According to Human Rights Watch, the Ministry of Health decision to set December 21 as the deadline for all Kenyans to receive the COVID-19 vaccine is a violation of human rights.
Kenya's vaccine requirements infringe on human rights - lobby warns
No Vaccination, No services’
"Given that approximately 10 percent of adults in Kenya had been vaccinated by the end of November, based on Health Ministry figures, the requirement risks violating the rights to work, health, education, and social security for millions of Kenyans," stated International Non-Governmental Organization, Human Rights Watch.
On Sunday November 21, Kagwe said from December 21, all Kenyans will be required to show proof that they are fully vaccinated before they are allowed into hotels, bars and restaurants or access to in-person to government services.
The services affected will include public transportation, education, immigration, hospitals, and prison visitation.
“While the government has an obligation to protect its people from serious public health threats, the measures must be reasonable and proportional,” said Adi Radhakrishnan, Africa research fellow at Human Rights Watch.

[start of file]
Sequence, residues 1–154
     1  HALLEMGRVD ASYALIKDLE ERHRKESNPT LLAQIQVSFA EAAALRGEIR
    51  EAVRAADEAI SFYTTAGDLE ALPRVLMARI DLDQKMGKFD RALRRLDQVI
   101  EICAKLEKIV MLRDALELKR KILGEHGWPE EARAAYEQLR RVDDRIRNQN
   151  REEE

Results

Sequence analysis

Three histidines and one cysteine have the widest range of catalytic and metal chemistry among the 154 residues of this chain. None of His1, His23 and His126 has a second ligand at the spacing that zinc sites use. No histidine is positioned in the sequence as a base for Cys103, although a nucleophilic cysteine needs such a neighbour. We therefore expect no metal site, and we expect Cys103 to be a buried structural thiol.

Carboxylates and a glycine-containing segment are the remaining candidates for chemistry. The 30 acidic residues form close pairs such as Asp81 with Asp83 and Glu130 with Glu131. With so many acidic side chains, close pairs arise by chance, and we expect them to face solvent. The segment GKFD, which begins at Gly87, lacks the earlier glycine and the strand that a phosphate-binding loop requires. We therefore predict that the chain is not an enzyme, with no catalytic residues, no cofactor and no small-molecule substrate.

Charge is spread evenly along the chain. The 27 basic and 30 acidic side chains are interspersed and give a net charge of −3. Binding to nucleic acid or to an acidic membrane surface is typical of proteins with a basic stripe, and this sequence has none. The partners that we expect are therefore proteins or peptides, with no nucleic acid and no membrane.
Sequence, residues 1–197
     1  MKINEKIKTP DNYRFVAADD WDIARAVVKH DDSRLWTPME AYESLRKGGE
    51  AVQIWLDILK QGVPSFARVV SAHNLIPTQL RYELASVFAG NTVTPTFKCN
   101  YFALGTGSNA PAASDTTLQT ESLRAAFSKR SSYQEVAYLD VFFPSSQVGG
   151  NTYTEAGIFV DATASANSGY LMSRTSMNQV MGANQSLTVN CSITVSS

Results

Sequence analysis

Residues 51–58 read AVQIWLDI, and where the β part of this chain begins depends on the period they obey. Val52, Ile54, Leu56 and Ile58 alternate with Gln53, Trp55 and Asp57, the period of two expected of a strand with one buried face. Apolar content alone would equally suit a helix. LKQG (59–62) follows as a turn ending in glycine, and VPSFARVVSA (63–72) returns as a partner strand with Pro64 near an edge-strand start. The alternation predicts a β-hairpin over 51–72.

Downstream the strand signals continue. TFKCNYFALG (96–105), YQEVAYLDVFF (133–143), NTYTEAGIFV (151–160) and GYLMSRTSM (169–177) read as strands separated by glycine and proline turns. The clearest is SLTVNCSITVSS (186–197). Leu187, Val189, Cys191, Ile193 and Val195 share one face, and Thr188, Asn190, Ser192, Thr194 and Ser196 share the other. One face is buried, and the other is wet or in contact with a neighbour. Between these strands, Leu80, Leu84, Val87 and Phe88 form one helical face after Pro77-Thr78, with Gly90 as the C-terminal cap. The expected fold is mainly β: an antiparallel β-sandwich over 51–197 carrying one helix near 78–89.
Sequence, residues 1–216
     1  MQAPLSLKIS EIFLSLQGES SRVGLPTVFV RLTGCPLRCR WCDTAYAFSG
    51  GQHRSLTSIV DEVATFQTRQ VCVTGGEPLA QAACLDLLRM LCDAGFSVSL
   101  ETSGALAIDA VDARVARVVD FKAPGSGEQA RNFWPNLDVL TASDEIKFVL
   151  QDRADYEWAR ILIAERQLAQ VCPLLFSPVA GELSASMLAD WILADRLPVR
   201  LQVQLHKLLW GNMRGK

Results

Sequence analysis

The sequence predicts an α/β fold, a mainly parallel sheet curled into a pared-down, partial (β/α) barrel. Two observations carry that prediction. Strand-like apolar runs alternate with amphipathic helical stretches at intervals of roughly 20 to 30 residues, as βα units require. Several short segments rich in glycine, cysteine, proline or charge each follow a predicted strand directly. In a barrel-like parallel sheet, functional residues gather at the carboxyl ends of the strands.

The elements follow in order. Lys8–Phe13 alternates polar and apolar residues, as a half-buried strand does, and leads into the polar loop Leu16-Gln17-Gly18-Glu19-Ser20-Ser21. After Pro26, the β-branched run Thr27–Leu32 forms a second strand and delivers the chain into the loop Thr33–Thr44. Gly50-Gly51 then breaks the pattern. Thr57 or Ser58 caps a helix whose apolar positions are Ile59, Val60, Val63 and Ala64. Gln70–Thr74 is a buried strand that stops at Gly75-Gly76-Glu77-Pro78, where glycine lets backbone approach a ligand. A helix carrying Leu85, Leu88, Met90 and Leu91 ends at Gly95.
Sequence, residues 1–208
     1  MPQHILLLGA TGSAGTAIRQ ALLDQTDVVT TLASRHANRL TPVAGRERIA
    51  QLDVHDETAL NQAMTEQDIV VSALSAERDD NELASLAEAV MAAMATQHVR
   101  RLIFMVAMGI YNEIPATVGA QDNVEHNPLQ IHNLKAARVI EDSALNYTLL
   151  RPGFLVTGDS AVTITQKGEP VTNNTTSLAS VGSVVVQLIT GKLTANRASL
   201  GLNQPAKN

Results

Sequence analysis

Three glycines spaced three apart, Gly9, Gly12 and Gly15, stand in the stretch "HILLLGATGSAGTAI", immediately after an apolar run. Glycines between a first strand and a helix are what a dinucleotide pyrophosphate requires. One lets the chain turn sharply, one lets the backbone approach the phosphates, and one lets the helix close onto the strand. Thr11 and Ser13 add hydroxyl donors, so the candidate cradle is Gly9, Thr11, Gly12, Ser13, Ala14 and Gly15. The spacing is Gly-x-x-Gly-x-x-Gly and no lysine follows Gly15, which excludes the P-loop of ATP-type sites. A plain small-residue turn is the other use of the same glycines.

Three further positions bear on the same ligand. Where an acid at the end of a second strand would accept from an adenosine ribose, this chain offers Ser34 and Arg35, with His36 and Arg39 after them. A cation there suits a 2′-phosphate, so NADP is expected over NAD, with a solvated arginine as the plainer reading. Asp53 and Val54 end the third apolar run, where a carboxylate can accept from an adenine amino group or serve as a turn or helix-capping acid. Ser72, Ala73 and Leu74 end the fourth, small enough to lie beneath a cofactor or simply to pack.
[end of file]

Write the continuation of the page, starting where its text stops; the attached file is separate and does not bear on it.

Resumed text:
“Vaccination coverage hinges on availability and accessibility, and the government’s new measures could leave millions of Kenyans unable to get essential government services.”
Kenya’s vaccination campaign began in March prioritizing health workers, teachers, security personnel, and people over the age of 58.
Eligibility expanded to all adults starting in June. Currently, AstraZeneca, Moderna, Pfizer, Johnson & Johnson, and Sinopharm vaccines are available in Kenya. However, Health Ministry data indicates that there is a limited supply.
Kenya, with an estimated adult population of 27.2 million and a total population of 55 million, has received approximately 23 million doses as of December 11 since the start of the vaccination program.
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